# Data Partitioning: Bias vs Variance

Part Of: Machine Learning sequence
Followup To: Prediction Machines: Regression vs Classification
Content Summary: 1400 words, 14 min read

Model Complexity

Last time, we discussed how to create prediction machines. For example, given an animal’s height and weight, we might inject these facts into a prediction machine to guess what kind of animal it is. While this sounds complicated, in this case prediction machines are simple region-color maps, like these:

These maps have different strengths: the first is cleaner, the second more precise. It turns out that this tradeoff is ubiquitous. Whenever we create a prediction machine, we run the risk of it being overly inaccurate, or overly messy. Let us call the former underfitted, the latter overfitted, and the tradeoff between them the complexity tradeoff.

We motivated the above example with a labeling problem (a classification problem). To help show how the above tradeoff generalizes, we move to a different class of problems entirely. A regression problem describes the work of inferring causal processes from data. Concretely, it often involves recreating a function f(x) that fits the dataset.

Here is an example of the complexity tradeoff in a regression scenario:

The equations above describe the underlying models. The rightmost function is a polynomial terminating in x4; the leftmost only goes up to x. For any polynomial { a*xn + b*xn-1 + … + k }, n is called the polynomial degree. Polynomial degree is a proxy for model complexity: we want to say that f(x) = x4 is more complex than f(x) = x.

How Noise Defeats Complexity

For many, I suspect, the undesirability of underfitting is obvious: of course models with insufficient complexity fail to accurately represent reality. But why should too much overfitting (high model complexity) be undesirable, especially since such complexity is so useful in reducing errors?

Consider again the x4 model above. What is it getting wrong? I say fails to account for the nature of noise. For now, let us interpret noise as a band of probability density surrounding the blue line, that drops off the further you diverge from its trajectory.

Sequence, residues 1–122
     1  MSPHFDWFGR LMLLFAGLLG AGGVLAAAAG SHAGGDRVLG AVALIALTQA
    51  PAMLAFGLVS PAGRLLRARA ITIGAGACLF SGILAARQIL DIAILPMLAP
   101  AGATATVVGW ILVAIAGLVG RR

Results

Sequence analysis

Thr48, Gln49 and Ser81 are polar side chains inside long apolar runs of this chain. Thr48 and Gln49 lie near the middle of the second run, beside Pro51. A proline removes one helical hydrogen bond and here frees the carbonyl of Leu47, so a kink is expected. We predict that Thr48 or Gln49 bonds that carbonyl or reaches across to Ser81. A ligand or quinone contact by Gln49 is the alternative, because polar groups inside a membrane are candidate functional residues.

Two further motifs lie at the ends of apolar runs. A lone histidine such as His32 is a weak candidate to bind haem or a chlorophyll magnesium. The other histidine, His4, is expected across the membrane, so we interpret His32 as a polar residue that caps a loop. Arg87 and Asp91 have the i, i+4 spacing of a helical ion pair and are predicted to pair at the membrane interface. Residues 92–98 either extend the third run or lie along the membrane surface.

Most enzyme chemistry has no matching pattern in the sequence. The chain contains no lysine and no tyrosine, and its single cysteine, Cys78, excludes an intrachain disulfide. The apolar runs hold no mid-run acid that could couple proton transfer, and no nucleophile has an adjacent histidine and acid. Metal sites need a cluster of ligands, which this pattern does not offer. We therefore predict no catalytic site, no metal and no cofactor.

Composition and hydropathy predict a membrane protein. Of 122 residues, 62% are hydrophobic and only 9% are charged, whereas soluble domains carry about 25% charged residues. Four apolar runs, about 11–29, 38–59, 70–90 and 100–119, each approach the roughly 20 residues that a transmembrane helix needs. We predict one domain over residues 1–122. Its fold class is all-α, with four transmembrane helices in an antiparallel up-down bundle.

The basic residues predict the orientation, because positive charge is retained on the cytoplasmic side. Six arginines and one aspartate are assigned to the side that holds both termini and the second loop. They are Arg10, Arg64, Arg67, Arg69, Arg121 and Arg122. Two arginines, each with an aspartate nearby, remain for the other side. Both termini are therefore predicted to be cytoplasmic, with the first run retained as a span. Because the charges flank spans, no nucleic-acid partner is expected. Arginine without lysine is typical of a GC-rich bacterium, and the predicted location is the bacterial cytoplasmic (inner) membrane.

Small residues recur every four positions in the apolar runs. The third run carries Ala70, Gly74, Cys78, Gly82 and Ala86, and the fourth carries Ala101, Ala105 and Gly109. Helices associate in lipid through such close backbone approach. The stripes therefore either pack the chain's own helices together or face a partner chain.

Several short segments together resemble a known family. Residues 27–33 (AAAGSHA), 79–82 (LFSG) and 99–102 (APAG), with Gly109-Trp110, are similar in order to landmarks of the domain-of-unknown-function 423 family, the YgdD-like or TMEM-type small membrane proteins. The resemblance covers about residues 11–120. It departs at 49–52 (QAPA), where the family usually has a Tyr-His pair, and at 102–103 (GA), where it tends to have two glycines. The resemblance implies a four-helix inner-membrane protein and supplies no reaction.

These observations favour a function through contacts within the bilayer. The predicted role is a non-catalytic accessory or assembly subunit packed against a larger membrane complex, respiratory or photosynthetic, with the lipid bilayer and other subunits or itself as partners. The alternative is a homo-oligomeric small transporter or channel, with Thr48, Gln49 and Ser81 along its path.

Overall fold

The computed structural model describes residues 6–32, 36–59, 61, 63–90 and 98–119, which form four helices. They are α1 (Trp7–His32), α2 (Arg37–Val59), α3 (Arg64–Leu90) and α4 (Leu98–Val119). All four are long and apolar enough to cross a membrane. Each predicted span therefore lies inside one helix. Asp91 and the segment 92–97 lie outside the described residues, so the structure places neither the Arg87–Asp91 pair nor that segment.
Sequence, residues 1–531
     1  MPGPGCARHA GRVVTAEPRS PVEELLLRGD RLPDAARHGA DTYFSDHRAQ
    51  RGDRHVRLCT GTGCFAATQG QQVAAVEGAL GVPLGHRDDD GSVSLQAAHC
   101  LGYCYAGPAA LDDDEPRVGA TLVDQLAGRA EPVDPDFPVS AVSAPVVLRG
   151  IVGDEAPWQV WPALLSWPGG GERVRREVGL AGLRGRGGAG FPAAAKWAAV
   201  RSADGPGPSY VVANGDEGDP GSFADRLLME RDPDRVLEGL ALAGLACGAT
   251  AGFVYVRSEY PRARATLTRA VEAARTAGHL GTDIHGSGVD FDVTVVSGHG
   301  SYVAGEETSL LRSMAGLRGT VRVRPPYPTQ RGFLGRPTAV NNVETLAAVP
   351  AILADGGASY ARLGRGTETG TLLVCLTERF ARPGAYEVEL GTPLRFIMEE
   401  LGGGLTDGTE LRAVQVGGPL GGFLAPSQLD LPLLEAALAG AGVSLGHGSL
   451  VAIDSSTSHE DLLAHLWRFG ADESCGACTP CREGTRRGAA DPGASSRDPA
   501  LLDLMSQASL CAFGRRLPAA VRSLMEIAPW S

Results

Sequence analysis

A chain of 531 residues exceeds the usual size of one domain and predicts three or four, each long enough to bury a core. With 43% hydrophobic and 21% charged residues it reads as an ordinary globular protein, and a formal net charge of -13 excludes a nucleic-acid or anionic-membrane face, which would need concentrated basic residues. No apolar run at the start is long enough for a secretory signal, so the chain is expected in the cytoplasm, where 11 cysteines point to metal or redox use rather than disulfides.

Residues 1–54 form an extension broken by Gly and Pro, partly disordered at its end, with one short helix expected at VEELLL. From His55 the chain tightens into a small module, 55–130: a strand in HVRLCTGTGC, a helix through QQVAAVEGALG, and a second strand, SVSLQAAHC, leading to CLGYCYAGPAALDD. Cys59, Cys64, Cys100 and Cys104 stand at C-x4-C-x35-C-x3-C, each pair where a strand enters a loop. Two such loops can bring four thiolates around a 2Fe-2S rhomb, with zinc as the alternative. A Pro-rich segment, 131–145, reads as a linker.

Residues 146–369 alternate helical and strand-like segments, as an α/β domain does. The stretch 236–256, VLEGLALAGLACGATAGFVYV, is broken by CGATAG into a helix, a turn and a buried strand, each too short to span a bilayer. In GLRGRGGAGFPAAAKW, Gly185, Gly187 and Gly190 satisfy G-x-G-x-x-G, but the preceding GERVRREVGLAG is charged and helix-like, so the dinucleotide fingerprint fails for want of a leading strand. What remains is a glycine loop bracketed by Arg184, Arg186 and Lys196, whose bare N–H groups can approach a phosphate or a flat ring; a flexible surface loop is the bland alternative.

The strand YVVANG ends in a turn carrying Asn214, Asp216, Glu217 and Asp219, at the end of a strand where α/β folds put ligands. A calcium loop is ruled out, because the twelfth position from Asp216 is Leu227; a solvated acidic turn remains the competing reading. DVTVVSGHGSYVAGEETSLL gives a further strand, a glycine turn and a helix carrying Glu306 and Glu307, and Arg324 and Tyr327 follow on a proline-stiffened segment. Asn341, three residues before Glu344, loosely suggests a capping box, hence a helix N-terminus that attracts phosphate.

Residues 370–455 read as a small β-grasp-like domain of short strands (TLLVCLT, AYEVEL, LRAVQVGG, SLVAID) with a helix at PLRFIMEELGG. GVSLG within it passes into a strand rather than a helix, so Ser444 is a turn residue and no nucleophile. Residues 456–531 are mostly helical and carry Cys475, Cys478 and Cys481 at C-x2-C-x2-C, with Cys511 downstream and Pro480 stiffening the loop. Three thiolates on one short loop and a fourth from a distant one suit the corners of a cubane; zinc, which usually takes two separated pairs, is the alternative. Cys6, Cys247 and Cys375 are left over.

If the amount of noise in the system is very low, this “variance band” would be very narrow, and we would expect future data samples to reside very close to the predictions of our model. But noise is not always negligible: in such cases we must accommodate a wider variance band.

Let us here divide the different causes of noise into two categories:

1. We have an accurate model of the primary data generation process (DGP); but some unknown physical process subtly deflecting our data from their intended path.
2. We have a complete understanding of all data generation processes, but an idiosyncrasy within the sampling technology may distort our sensors.

Perhaps overfitting is best thought of as an exchange. By increasing model complexity, we purchase a reduced error rate at the expense of narrowing the width of our expected variance bands.

Hyperparameters

In our classification example, complexity was the resolution of the kernel. In our regression example, complexity was the polynomial degree. Time to get explicit about the mathematics:

 Classification SVM Kernel Polynomial Regression K(xi, xj) = exp(-γ * ||xi – xj||2) h(x) = Θ0 + Θ1*x + Θ2*x2 + … + Θn*xn

On the left, gamma (γ) controls the granularity of the kernel (“the width of the finger”). On the right, n controls the polynomial degree (“number of bends in the curve”). Contrast these with, for example, the array of thetas (Θ). [Θ0..Θn] are components of the model: they are parameters trained by data. In contrast, γ & n represent hyperparameters: mathematical objects that govern the shape of first-order parameters.

Thus we have a new way of capturing complexity within an algorithm:

For these hyperparameters, large values create high complexity.

Data Partitioning

So you now appreciate the importance of striking a balance between precision and simplicity. That’s all very nice conceptually, but how might you go about building a well-balanced prediction machine ? For example, given a support vector machine doing classification, how can you tell when it’s overfit (when gamma is too large)?